A compelling -- and long overdue -- mayoral race is shaping up in Scottsdale. Bob Littlefield is finally challenging incumbent Mayor Jim Lane.
The one-time allies diverged over the past eight years, mostly over development issues. Littlefield toyed with challenging Lane four years ago, but a poll he paid for told him it was better to remain a member of the council for two more years than make an early, if principled, exit.
From as philosophical, bystander role, that was too bad. Scottsdale is a Republican stronghold, but that doesn't mean it isn't divided. Half of the city looks to the future; the other half wants to hold on to the past. Each side has succeeded in getting its views represented on the council.
That was in at-large races, where the three top vote getters are elected. There's never been a true head-to-head race between two strong candidates from each camp. Lane vs. Littlefield delivers that.
Both men are conservatives on financial matters, but they differ vehemently over development. Lane is a property-rights libertarian who trusts market forces; Littlefield believes city government should heed neighbors' preferences for what happens on a piece of land. This election is the fork in the road for what Scottsdale will look like in the future.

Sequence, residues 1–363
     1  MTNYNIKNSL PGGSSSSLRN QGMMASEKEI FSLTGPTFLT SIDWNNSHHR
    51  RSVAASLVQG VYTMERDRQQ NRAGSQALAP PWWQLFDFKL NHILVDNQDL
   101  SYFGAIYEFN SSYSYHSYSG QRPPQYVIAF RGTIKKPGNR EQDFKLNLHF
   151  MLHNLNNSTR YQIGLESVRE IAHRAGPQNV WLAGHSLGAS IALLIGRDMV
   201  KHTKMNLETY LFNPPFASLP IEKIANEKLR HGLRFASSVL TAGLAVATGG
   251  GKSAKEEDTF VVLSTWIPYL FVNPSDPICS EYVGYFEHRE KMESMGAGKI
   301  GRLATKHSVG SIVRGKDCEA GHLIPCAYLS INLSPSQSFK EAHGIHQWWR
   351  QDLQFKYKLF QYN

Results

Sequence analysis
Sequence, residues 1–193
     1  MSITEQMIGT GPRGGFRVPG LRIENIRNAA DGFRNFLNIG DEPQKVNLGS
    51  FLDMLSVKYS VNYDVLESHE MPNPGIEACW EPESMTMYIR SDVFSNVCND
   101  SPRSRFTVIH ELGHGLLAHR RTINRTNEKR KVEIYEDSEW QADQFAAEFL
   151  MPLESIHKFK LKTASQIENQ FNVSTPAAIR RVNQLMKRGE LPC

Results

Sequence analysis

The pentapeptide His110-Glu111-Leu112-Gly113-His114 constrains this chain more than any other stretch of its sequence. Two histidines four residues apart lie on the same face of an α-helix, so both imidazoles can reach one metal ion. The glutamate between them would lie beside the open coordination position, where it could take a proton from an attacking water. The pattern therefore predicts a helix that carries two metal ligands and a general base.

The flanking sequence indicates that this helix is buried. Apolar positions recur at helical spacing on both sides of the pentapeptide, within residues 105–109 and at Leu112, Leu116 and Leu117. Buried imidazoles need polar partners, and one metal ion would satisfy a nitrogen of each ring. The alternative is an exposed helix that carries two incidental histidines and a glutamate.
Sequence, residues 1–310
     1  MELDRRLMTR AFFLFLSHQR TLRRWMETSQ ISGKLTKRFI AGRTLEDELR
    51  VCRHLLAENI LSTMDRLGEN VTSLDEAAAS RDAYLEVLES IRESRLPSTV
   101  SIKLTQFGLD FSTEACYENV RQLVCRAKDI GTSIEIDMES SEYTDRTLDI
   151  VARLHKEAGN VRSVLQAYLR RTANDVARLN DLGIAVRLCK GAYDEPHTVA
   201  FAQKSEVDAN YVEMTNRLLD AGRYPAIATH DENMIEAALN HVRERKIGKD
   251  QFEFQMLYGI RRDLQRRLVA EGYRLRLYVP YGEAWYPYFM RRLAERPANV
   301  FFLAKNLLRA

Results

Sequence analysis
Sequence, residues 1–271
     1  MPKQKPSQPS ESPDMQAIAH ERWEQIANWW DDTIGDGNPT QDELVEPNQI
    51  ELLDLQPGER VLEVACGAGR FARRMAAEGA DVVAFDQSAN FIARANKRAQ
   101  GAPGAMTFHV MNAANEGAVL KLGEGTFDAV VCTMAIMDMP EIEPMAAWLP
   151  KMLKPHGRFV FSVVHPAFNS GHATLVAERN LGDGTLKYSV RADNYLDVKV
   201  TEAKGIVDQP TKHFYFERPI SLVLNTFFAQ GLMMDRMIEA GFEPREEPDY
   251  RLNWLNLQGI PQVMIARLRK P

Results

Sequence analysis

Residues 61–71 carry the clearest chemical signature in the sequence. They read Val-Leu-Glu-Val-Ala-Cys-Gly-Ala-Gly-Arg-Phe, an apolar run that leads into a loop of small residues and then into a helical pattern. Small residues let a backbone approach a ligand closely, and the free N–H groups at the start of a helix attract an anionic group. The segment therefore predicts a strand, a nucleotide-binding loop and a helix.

Lane is the pre-campaign favorite. He has a healthy campaign account. He can run on his accomplishments, including a more diverse economy, completion of a western art museum and a permanent expo center at WestWorld, and, most significantly, virtual completion of the McDowell Sonoran Preserve.
But don't count Littlefield out. Sure, he's polarizing. But he has advantages. He's articulate, quick with the succinct one-liner. Lane is not. Littefield evokes passion and commitment among the activisits, in the north and south, who share his views. Lane does not.
That's the horse race talk. The more important element of this election will be the debate, the clashing of political philosophies. Scottsdale voters needs this campaign, the ultimate decision of what they want their city to be.